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Measuring Causal Specificity

Published online by Cambridge University Press:  01 January 2022


Several authors have argued that causes differ in the degree to which they are ‘specific’ to their effects. Woodward has used this idea to enrich his influential interventionist theory of causal explanation. Here we propose a way to measure causal specificity using tools from information theory. We show that the specificity of a causal variable is not well defined without a probability distribution over the states of that variable. We demonstrate the tractability and interest of our proposed measure by measuring the specificity of coding DNA and other factors in a simple model of the production of mRNA.

Research Article
Copyright © The Philosophy of Science Association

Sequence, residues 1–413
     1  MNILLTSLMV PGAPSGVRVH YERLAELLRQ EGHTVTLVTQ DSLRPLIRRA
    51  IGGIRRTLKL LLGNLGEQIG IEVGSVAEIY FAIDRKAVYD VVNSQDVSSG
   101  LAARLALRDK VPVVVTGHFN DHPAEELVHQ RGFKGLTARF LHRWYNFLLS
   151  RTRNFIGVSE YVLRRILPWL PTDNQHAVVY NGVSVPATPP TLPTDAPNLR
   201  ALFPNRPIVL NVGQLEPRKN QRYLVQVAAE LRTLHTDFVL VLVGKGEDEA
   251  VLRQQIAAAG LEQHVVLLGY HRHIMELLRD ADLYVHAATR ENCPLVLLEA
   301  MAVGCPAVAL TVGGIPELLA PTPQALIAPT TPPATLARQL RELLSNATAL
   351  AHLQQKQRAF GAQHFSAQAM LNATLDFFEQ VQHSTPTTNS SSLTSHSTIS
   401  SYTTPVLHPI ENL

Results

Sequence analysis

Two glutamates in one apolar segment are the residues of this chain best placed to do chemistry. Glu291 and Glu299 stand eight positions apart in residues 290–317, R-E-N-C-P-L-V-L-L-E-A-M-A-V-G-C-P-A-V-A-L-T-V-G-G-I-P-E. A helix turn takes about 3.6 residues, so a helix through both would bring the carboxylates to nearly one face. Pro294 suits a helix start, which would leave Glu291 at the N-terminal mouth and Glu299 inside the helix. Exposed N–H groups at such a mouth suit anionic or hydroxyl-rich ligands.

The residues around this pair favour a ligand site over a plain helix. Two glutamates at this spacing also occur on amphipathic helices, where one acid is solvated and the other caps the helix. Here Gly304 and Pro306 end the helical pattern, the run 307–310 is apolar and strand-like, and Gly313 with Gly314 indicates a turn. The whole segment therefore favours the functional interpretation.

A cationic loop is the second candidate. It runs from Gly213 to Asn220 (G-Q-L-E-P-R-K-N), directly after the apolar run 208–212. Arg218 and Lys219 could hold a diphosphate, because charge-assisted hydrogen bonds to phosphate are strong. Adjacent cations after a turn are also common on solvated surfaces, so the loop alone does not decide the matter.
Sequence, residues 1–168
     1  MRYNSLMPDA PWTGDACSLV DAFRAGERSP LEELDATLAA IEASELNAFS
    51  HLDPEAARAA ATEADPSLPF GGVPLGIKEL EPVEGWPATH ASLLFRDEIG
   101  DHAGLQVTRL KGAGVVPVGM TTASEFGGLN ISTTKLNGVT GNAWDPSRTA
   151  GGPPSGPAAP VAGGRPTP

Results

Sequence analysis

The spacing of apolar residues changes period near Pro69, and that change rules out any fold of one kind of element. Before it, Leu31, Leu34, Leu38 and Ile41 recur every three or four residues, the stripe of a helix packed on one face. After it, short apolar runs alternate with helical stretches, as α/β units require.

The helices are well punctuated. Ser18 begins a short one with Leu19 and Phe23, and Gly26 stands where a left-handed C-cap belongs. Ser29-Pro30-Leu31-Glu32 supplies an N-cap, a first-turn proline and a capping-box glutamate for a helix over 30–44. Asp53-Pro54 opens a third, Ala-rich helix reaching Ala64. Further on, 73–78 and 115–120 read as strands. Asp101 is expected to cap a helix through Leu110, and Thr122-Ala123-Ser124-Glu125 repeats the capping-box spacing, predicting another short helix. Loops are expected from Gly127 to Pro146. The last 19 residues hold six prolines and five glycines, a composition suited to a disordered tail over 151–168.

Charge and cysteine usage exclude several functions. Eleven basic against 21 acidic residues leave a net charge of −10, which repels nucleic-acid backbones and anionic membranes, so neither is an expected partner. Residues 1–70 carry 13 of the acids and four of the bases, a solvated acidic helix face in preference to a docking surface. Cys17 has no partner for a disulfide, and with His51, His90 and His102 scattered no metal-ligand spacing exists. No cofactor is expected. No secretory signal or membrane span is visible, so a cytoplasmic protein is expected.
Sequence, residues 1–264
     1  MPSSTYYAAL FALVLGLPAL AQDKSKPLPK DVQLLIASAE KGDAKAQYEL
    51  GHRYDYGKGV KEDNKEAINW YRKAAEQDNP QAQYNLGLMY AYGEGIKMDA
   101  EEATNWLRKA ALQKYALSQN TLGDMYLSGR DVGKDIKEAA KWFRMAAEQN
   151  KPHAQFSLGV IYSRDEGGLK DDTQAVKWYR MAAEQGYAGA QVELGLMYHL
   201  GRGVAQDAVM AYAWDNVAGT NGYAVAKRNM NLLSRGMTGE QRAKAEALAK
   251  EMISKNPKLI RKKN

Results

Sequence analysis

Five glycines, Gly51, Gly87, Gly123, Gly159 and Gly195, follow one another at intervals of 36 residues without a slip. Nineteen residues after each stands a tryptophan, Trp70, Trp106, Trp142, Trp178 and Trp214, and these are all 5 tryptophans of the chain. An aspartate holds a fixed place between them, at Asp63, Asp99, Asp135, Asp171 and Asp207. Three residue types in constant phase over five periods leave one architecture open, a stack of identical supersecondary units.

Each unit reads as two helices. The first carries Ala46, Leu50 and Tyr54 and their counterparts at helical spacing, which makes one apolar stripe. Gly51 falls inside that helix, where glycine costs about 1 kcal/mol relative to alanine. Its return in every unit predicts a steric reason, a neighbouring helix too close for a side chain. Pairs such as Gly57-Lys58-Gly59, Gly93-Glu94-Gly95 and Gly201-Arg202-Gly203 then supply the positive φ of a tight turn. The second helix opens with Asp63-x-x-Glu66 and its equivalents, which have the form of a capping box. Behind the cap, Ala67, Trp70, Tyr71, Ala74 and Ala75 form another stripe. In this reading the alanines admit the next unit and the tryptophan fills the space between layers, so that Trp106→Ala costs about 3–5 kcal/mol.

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This publication was made possible through the support of a grant from the Templeton World Charity Foundation. The opinions expressed are those of the author(s) and do not necessarily reflect the views of the Templeton World Charity Foundation. Brett Calcott was supported by Joshua Epstein’s NIH Director’s Pioneer Award DP1OD003874 from the Office of the Director, National Institutes of Health. The article is the result of a workshop held at the University of Colorado, Boulder, with support from Templeton World Charity Foundation. BC, PG, AP, and, KS wrote the manuscript, and all authors agreed on the final content. We would like to thank two anonymous referees for their helpful comments.


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